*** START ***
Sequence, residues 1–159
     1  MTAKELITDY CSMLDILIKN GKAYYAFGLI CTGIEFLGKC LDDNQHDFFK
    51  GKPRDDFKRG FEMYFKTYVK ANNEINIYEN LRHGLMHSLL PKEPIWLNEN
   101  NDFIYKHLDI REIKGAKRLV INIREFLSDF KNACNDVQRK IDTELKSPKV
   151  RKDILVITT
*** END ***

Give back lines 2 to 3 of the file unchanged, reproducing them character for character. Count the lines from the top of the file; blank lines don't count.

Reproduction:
     1  MTAKELITDY CSMLDILIKN GKAYYAFGLI CTGIEFLGKC LDDNQHDFFK
    51  GKPRDDFKRG FEMYFKTYVK ANNEINIYEN LRHGLMHSLL PKEPIWLNEN